The House of Representatives is set to vote on the final version of the GOP tax bill Tuesday, with the Senate to follow close behind. Most Republican members of Congress are heralding the plan’s giant, permanent tax cut for corporations as the reason behind their support. The GOP argues that when corporations get a tax cut, they put that money toward creating more jobs and raising wages.
But history shows that just isn’t correct — and history may be about to repeat itself.
In an interview with CNN Money, Wells Fargo CEO Tim Sloan made it clear what he plans to do with the corporation’s tax windfall — and it doesn’t benefit the average American worker.
“Is it our goal to increase return to our shareholders and do we have an excess amount of capital? The answer to both is, yes,” Sloan told CNN Money. “So our expectation should be that we will continue to increase our dividend and our share buybacks next year and the year after that and the year after that.”
And it’s not just Wells Fargo that stands to benefit. Goldman Sachs could also see a tax break worth up to $6 billion dollars from the GOP tax bill.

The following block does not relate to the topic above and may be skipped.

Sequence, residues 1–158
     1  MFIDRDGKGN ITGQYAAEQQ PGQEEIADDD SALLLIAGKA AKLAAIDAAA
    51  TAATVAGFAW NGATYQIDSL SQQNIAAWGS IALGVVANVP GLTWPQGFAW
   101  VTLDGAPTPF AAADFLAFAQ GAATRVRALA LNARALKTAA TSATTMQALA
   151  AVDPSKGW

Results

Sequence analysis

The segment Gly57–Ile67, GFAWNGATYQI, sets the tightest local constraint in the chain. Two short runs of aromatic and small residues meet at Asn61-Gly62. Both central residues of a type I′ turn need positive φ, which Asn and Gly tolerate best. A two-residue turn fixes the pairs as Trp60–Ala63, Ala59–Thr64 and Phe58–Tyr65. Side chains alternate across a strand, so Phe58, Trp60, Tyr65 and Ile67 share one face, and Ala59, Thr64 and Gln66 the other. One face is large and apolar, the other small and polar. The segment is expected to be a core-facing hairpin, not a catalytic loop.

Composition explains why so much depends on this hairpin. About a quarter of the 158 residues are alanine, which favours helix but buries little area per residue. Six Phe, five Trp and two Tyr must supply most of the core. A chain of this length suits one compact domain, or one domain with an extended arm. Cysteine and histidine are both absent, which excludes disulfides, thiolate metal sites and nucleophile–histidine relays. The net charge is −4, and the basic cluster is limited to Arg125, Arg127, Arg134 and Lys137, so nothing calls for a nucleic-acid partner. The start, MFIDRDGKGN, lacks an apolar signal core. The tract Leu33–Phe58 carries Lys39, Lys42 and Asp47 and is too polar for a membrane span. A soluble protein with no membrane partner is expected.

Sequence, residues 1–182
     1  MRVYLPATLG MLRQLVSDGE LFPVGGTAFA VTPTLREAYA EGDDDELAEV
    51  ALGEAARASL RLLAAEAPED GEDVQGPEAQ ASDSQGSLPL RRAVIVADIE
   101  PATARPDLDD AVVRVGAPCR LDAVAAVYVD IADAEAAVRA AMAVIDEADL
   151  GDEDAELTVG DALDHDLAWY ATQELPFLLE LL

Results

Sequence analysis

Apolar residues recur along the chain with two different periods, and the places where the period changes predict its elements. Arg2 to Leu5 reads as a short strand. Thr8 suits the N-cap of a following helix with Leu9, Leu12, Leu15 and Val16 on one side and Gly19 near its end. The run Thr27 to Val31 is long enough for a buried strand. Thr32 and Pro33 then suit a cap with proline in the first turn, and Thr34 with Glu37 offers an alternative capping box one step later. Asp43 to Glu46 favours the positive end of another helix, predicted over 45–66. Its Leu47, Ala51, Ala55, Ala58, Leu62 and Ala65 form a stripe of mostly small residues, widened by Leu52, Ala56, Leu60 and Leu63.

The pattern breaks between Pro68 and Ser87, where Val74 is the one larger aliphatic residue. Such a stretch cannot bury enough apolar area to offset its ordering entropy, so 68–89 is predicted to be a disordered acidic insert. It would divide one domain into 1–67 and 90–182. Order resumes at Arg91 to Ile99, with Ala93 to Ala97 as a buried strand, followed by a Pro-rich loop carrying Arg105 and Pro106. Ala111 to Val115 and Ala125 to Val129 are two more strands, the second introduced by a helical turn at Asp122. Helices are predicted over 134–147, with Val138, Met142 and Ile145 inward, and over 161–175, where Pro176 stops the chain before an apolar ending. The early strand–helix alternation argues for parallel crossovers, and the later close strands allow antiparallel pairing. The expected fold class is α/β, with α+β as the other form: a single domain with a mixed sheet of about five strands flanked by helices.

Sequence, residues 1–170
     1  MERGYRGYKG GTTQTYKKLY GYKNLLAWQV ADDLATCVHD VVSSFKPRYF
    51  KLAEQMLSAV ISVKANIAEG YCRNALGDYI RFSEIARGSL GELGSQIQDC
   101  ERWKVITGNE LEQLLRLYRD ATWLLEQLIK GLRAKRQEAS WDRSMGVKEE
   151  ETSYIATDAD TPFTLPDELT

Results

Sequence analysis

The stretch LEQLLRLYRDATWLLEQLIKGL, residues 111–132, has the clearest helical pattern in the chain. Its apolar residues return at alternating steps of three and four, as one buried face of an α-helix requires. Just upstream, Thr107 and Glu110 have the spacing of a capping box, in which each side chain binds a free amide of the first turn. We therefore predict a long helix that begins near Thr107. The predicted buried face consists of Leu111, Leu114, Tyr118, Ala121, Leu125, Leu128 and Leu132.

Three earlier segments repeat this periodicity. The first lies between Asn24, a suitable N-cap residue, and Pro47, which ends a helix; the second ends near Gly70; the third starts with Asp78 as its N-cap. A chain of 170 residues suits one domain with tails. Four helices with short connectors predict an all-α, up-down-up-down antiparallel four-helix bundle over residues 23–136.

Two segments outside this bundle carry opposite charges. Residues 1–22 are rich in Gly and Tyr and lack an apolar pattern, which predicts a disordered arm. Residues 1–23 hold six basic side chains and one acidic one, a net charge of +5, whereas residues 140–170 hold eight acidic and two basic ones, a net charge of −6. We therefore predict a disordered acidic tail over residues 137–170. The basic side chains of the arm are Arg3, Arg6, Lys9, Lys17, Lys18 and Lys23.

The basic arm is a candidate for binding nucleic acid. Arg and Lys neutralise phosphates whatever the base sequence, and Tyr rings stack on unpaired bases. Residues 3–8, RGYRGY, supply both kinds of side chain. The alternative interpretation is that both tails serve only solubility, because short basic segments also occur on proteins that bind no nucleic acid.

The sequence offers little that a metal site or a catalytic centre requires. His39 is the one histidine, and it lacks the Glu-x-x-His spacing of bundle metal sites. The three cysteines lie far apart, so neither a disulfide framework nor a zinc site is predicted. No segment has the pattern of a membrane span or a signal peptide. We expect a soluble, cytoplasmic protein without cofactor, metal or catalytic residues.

Goldman says the tax bill will be good for the big banks: pic.twitter.com/KyaD5KVT8C
— Jim Tankersley (@jimtankersley) December 18, 2017
The statement from Wells Fargo’s CEO confirms the suspicion that many observers had a few weeks ago, after White House chief economic adviser Gary Cohn attended an Wall Street Journal event where CEOs were asked whether their company plans to invest more if the tax reform bill passes.
Very few hands went up.
This surprised Cohn, who asked, “Why aren’t the other hands up?”
But it shouldn’t be all that surprising. The general consensus among economists is that cutting corporate taxes to spur economic growth — known as “trickle-down economics” — hardly worked in the 1980s economy and would surely fail in today’s modernized economy.
The economy President Donald Trump is operating in is rife with start-ups, meaning corporations are more likely to invest in research and automation to stay competitive or turn over their gains to their shareholders, two things that generally don’t promote job growth. Even one of President Ronald Reagan’s economic policy advisers who helped shape the Republican myth of trickle-down economics now says it doesn’t work, calling the GOP rhetoric around tax cuts “wishful thinking.”
The American public is catching on to the scam as well. A recent CNN poll from Tuesday found only 33 percent of Americans say they favor the GOP tax bill, while 55 percent oppose it. Sixty-six percent of Americans say they believe the bill favors the wealthy over the middle class.